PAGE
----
Stratford joins lawsuit to stop Malloy executive order

 

Stratford Public Schools Superintendent Janet Robinson speaks during a Tuesday press conference about how badly Stratford schools would be hurt by Gov. Malloy’s executive order. — Melvin Mason photo

Stratford will join a lawsuit filed by the state’s largest teachers’ union that will attempt to block Gov. Dannel Malloy’s executive order and its potential impact on state Education Cost Sharing funds.

Town councilors voted unanimously at Tuesday’s regular meeting to join the lawsuit filed by the Connecticut Education Association. The CEA’s legal challenge seeks “a temporary or permanent injunction or other legal decision” that would stop Malloy’s executive order from going into effect. The order would cut more than $557 million in education funding statewide, according to a CEA statement on the organization’s website.

Torrington and the towns of Brooklyn, Conn. and Plainfield have already joined as plaintiffs.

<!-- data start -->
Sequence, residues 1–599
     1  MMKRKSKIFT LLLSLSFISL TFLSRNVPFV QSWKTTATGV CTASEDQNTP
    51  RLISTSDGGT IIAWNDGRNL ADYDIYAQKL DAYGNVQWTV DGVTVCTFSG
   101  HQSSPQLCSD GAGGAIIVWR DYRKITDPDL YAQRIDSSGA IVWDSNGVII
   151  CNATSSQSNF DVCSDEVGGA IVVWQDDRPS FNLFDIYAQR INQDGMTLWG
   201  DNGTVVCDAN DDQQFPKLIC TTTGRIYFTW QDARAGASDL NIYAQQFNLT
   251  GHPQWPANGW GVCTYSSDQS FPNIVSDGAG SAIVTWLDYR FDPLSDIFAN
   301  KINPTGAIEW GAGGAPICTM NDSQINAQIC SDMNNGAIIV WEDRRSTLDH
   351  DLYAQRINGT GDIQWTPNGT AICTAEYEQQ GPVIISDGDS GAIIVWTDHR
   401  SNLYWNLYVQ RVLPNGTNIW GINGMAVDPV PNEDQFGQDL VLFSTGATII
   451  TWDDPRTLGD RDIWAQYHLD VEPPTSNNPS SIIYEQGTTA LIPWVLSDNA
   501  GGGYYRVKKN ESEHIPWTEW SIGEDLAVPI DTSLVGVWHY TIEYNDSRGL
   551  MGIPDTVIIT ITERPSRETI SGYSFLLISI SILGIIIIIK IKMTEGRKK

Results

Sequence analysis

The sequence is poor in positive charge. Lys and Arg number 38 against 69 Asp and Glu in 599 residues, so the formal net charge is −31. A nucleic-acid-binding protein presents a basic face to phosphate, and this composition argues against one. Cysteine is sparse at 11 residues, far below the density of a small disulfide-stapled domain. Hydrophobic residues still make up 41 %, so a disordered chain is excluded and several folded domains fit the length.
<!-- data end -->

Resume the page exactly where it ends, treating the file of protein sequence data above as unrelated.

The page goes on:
Stratford stands to lose more than $21 million in state education funding dollars, which Board of Education officials said would result in deep cuts to programs and even the possible closure of a school.

The town will not be financially responsible in the CEA litigation.

“The governor’s ECS cuts are dangerous and would be devastating for students, parents, teachers, and communities across the state,” CEA President Sheila Cohen said in a statement. “They violate state statutes and the state’s constitutional obligation to provide adequate education to public school students. Now that severe cuts are being implemented, we must take action to prevent the potential downward spiral that could further push our schools into chaos.”

Stratford Schools Superintendent Janet Robinson stood with Republican state lawmakers on Tuesday in urging Democrats in the General Assembly to override Malloy’s veto of a $40.68-billion two-year state budget.  

“How does the town of Stratford make up for that when we have so many students who really need the services to be able to pursue their education in the best possible fashion?” Robinson said.

Robinson said Tuesday that all of the planned state cuts would add up to about $27 million.

“This executive order cannot continue. It’s really harmful for us,” Robinson said. “I continue talking and sending emails to folks saying, ‘Please reach some agreement’ and letting them know what harm this creates.”

About author
Editor for the Stratford Star. Former reporter for the Darien Times.

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